Although cats are not Japanese natives and were probably imported from China, there is a long tradition of honoring cats through art in Japan. Many Japanese artists were devoting their work to portray cats and cats were even honored at the royal court. There are two cat paintings from a Japanese artist Yasushi Inoue at NBB. Just like Sophie Vallance Cantor, Yasushi Inoue is a proud cat owner. Cats, flowers, memories from travels - these art topics of Yasushi’s paintings. For Yasushi, painting is a healing process, a therapy, so that comforting personal topics such as cats naturally became subjects of his art. In the painting called “Cat and Flower” there is a cat with enlarged eyes that resembles the blossoming flower. The color palette includes vibrant shades of orange, yellow, green and blue. The body of the cat becomes one with the background because its body is contoured with just a few large brushstrokes. The other painting at NBB from Yasushi Inoue with a cat (Cat, 2021) as the main character uses a different color palette, yet the simplicity of the composition remained. The eyes play a prominent role and catch the viewer’s attention the most, as if they were trying to communicate with the viewer. Even though visually not connected to the Japanese paintings or the woodblock print tradition, Inoue approaches cats with a similar kindness and respect.
“Reassurance of my own being in the world“: Denis Rudolf Frank’s cathartic cats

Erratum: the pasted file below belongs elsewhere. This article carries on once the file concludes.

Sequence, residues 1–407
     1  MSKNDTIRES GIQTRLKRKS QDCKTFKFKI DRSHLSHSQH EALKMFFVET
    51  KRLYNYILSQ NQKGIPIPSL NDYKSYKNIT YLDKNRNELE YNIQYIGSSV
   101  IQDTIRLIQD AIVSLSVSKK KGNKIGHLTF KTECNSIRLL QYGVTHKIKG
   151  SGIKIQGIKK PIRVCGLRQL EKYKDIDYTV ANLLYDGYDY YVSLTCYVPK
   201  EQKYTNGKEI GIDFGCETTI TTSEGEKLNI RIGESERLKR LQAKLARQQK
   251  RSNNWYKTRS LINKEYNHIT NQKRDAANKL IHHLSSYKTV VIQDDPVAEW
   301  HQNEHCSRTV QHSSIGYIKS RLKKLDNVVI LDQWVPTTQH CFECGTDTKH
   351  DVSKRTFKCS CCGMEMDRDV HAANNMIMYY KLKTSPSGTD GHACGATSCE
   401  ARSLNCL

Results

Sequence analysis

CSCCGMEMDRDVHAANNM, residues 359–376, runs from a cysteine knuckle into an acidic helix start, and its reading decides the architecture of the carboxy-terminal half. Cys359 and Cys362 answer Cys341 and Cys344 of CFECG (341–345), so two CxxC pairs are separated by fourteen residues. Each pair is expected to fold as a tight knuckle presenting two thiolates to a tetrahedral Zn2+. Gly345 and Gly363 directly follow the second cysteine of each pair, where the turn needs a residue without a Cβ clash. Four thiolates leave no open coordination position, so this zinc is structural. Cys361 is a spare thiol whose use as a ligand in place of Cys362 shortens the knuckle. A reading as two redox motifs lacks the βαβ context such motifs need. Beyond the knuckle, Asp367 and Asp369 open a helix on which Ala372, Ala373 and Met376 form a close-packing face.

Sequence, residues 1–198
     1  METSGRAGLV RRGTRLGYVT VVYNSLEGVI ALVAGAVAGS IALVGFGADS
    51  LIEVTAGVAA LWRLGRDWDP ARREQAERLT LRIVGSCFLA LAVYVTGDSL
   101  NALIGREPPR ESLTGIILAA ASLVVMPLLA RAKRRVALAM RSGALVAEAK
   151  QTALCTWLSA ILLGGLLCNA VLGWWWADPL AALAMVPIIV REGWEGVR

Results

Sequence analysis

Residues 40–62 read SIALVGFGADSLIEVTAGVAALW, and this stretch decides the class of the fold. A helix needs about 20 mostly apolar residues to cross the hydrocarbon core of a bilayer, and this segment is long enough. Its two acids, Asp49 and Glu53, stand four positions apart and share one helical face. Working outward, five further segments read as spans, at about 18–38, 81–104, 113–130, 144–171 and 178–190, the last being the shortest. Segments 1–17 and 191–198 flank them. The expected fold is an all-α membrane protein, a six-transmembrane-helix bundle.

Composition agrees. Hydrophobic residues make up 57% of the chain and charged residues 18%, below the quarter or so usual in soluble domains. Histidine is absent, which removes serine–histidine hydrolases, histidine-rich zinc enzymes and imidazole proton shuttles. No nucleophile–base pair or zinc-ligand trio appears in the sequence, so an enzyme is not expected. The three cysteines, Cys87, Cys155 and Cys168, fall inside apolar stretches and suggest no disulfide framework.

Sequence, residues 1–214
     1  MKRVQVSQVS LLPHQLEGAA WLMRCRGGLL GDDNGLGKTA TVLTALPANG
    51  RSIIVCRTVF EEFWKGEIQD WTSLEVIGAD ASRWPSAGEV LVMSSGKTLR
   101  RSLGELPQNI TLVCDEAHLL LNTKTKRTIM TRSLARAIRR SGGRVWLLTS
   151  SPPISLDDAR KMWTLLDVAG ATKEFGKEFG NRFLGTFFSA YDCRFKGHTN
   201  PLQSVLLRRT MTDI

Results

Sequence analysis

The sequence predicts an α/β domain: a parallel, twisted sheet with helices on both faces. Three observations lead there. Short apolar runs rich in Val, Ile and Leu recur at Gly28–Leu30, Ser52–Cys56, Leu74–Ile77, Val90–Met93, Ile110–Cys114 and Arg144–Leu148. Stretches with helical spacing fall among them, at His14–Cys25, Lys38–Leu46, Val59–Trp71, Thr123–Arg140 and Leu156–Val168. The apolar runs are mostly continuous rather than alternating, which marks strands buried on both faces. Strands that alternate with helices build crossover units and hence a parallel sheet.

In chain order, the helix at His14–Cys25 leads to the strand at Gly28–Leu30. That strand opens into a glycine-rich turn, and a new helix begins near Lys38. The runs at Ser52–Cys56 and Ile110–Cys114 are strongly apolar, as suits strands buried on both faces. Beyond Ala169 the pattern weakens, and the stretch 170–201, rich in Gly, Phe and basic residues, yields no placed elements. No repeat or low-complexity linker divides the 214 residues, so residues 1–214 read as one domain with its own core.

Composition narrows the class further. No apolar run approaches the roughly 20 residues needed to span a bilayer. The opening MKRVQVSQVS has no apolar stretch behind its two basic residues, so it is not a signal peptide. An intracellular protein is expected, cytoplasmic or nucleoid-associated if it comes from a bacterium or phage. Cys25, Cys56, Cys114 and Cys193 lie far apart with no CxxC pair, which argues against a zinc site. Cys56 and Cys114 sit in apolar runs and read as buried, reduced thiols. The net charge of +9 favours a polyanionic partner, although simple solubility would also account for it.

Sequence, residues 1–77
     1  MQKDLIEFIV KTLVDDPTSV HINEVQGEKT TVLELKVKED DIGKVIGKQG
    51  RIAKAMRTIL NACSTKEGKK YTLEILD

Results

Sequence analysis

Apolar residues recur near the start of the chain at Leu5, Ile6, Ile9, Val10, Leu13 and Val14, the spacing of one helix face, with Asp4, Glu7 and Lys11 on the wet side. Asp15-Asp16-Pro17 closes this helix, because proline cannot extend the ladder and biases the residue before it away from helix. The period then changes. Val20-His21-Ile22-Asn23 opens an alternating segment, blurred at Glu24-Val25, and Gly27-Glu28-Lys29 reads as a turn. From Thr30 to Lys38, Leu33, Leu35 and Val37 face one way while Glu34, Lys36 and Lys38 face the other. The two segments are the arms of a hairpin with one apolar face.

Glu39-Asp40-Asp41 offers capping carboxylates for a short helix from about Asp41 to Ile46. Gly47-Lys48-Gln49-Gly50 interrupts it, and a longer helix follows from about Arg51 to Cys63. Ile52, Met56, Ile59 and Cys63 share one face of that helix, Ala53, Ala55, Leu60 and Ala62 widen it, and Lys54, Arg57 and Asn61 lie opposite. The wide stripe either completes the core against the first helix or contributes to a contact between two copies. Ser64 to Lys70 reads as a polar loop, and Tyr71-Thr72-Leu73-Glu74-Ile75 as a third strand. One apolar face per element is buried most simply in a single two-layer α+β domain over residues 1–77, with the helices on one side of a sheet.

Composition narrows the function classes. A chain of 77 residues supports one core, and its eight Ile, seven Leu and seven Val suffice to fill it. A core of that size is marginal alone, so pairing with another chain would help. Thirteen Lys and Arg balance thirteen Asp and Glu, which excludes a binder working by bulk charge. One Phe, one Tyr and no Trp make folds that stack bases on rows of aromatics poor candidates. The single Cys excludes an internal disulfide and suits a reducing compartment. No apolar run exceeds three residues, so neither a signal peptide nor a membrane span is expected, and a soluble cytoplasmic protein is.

Expressive bald brushstrokes, direct application of color on canvas, somewhat threatening facial expressions. The cats from Denise Rudolf Frank are strong personalities. Painting for Frank is like a diary and a therapy at once, therefore the proces is what interests her the most, not necessarily the outcome. Similarly to other artists at NBB who chose cats as their subjects, Frank likes to focus on topics from around her, from her daily life. However, for Frank painting is a must, it is a catharsis, a “reassurance of my own being in the world“. Frank paints for herself first, for the art world second. Maybe this could be one of the reasons for why her depiction of cats is rather unconventional, the cats look somewhat riled but self-assured and the paintings itself convey a burst of energy. One could see them as monsters, others could be reminded of warm memories of childhood. Indeed, her paintings and their incorporated piece of Frank's inner life must be rather felt than understood.
Julien Jaca's cat as a motorcycle club badge
Julien Jaca The Chosen Few, 2022
Julien Jaca’s THE SUN NEVER SETS ON ME series revolves around the artist‘s passion for motorcycles. Influenced by aesthetics from his past career as an international tattoo artist and drawing from his personal experience as a human and artist, Jaca creates an intimate setting allowing the viewer to get a glimpse into his world embarking on a journey of vivid colors, craggy textures and deep emotions. The central motive in the series are vests of motorcycle clubs - a statement piece of clothing in the biker scene. However, Jaca’s canvases do not feature any real motorcycle club logo. Every vest consist of a badge and the name of the club which Jaca based on the well-known appearance of the vests from the 1970’s. For the badge for the fictional club "Chosen Few Utopia" Jaca chose a cat head placed in the middle. The black cat seems to be angrily meowing as if it was asserting its dominance which is common for almost all motorcycle club vests with animals in the badge: From snakes to wolves, the animals appear rather powerful and sometimes aggressive, conveying the message behind the club they represent. The uninviting nature of the badge is made up for by the bright yellow background which matches the cat’s eyes and whiskers.
Photos: © NBB Gallery